|Nick Gregory, 26, a manager, vaped on a Juul at Botany Bay in|
Lexington. (Photo: Charles Bertram, Lexington Herald-Leader)
The principal at Paul Laurence Dunbar High School told the newspaper that she thinks at least 1,000 of her students, or half of the student body, are using e-cigarettes; that the incidents of e-cig confiscations has tripled at Lafayette High School; and that the principal at Frederick Douglass High School said three to four students are disciplined three to four times per month for vaping.
A Dunbar parent, Jennifer McChord, told the Herald-Leader that she approached school officials about the problem, and that she was hearing “good kids who are intelligent” saying that e-cigs were “no big deal and not addictive.” McChord said she hoped a student group will lead an education effort.
All three high schools told the paper they were working on efforts to educate students and parents about the dangers of e-cigarettes and to curb usage. A video production class at Frederick Douglass created an infomercial to help teachers identify vaping materials; Dunbar has sent information information to parents about the products, and its student newspaper plans to address the problem in its upcoming issue. Lafayette is considering hosting parent workshops.
Youth vaping has become so prevalent that the U.S. Food and Drug Administration has called it an epidemic, prompting the agency to crack down on e-cigarette manufacturers' marketing and sale of these products to children. Juul, an e-cig maker, has suspended store sales of most of its flavored pods.
Federal research has found that the number of U.S. high school students who reported being current e-cigarette users increased 78 percent between 2017 and 2018, to 3.05 million. The same report showed use by middle schoolers increased 48 percent.
The most popular product is Juul, which looks like a USB flash drive and comes in popular flavors. E-cigs often don’t have an odor and therefore are often harder to detect on high school campuses than traditional cigarettes or marijuana, the Herald-Leader notes.
“No high schooler that Juuls thinks they’re doing something harmful," Dunbar sophomore Sanaa Kahloon told the newspaper. "None of the students seem to understand how the nicotine addiction works or how dangerous it is."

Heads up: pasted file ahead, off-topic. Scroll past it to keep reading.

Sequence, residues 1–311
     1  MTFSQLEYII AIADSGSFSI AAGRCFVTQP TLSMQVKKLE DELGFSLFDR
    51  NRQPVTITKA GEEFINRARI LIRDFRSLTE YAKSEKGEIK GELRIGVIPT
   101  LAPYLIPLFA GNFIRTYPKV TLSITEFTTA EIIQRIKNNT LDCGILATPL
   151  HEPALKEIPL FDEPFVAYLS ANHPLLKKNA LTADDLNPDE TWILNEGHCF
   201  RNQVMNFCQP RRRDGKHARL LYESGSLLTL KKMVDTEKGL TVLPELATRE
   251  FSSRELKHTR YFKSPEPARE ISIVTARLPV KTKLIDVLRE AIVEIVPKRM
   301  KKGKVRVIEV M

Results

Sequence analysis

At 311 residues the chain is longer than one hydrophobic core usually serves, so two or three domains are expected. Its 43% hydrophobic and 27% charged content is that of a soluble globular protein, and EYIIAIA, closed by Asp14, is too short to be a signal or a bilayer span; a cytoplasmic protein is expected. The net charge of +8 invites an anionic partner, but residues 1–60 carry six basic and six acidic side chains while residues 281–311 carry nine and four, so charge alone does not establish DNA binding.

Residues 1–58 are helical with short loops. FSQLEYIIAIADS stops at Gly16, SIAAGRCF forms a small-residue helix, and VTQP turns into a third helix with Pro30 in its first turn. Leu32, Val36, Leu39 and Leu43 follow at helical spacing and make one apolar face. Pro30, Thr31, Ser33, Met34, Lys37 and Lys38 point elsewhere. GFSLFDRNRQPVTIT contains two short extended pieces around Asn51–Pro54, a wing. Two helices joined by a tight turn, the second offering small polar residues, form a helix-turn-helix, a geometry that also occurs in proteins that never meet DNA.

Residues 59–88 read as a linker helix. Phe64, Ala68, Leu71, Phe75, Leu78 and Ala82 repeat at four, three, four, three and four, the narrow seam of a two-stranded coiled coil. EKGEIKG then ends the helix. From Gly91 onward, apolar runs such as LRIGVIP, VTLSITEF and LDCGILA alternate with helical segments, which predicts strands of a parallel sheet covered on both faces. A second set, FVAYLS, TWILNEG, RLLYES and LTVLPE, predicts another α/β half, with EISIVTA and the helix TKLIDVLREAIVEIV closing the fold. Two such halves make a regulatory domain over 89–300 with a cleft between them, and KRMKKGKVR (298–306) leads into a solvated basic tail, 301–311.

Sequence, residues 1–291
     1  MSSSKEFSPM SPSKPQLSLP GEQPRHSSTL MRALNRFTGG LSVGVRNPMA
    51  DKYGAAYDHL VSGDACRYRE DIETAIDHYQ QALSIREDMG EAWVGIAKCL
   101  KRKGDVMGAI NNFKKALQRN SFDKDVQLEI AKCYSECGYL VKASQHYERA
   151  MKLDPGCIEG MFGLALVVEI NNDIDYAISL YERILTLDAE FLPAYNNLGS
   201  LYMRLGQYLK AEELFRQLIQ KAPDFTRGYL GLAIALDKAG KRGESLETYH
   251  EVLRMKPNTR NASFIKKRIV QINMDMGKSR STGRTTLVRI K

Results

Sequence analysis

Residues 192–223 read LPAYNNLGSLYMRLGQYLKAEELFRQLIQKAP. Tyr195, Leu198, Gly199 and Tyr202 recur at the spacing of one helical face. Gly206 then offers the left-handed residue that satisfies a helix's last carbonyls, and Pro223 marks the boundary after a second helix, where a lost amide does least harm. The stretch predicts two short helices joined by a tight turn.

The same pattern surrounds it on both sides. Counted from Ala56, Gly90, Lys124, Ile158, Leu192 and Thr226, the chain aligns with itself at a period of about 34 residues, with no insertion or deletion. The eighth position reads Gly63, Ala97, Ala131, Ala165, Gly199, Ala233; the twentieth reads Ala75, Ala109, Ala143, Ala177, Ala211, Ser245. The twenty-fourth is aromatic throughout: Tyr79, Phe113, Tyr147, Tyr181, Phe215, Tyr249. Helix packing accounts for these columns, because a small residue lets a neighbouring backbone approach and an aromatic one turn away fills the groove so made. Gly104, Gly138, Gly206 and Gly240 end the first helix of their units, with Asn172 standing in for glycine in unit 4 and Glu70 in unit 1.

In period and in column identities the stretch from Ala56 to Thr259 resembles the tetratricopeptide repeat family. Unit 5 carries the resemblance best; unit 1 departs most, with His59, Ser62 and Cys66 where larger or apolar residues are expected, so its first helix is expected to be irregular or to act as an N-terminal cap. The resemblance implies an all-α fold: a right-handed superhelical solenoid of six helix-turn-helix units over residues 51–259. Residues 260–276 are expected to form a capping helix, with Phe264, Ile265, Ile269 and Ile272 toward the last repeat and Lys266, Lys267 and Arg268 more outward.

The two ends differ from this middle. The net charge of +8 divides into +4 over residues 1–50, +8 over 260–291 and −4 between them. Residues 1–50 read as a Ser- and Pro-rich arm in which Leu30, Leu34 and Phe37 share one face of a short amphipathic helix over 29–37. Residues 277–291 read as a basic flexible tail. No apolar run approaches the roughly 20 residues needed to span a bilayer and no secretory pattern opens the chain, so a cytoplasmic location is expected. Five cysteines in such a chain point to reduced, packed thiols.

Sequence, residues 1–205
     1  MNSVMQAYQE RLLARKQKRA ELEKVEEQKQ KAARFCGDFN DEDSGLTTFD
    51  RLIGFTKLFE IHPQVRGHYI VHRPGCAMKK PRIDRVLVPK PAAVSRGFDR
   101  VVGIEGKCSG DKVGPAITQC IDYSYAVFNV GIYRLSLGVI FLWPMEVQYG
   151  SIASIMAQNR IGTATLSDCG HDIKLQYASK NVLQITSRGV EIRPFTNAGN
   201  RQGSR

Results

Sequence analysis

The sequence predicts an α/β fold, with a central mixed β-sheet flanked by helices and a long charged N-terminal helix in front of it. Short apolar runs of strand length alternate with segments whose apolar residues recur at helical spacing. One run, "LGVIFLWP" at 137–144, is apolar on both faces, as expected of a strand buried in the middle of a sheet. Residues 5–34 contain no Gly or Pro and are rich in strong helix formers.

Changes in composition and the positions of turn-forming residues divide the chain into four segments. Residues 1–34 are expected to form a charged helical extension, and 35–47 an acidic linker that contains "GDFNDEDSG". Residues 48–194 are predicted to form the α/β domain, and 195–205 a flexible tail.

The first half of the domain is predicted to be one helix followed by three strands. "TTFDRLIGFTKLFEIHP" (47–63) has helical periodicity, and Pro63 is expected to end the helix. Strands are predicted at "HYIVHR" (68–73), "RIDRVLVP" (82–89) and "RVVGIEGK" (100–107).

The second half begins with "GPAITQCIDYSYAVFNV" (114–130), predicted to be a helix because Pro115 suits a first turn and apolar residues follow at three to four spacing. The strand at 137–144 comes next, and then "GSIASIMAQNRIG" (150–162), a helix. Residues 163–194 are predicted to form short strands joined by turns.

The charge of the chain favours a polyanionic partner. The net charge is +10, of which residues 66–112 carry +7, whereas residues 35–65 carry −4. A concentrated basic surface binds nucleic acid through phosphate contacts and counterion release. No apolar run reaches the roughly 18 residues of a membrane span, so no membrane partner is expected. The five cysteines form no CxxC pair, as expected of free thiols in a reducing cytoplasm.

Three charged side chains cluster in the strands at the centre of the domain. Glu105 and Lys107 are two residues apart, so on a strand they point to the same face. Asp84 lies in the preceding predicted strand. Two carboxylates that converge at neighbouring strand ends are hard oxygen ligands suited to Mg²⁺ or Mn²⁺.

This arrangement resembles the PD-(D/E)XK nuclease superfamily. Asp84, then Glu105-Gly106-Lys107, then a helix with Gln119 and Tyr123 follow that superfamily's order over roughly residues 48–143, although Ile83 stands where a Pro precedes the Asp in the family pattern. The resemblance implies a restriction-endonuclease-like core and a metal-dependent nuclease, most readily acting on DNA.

The use or possession of e-cigarettes is prohibited in Fayette County schools, and is subject to the same disciplinary consequences as any other tobacco product.
Rather than a punitive approach, Fayette County schools spokeswoman Lisa Deffendall told the newspaper that their first step is to confiscate the contraband and offer support for smoking cessation support. Principals told her that they generally give students in-school suspension when they catch them, and that out of school suspensions indicate more serious offenses, such as trafficking or repeated infractions.
Disciplinary incidents involving tobacco in Fayette County schools have more than doubled since 2015, from 98 events with 11 resulting in out-of-school suspension in the 2015-16 school year, to 225 events with 32 resulting in out-of-school suspension in the 2017-18 school year, the Herald-Leader reports.
DEffendall said, "It is important to keep this data in context by noting that we have more than 12,000 high school students and these numbers represent individual behavior incidents and could include the same student with multiple infractions."
School systems across the nation have similar problems. Beth Teitell reports for The Boston Globe that vaping among high school students is such a problem in Massachusetts that many of their school systems, which used an educational approach to get students to stop using e-cigarettes last year, are now "taking the fight directly to the girls and boys rooms, and installing sensors, or considering doing so, despite tight budgets and equipment that can cost as much as $995 per unit."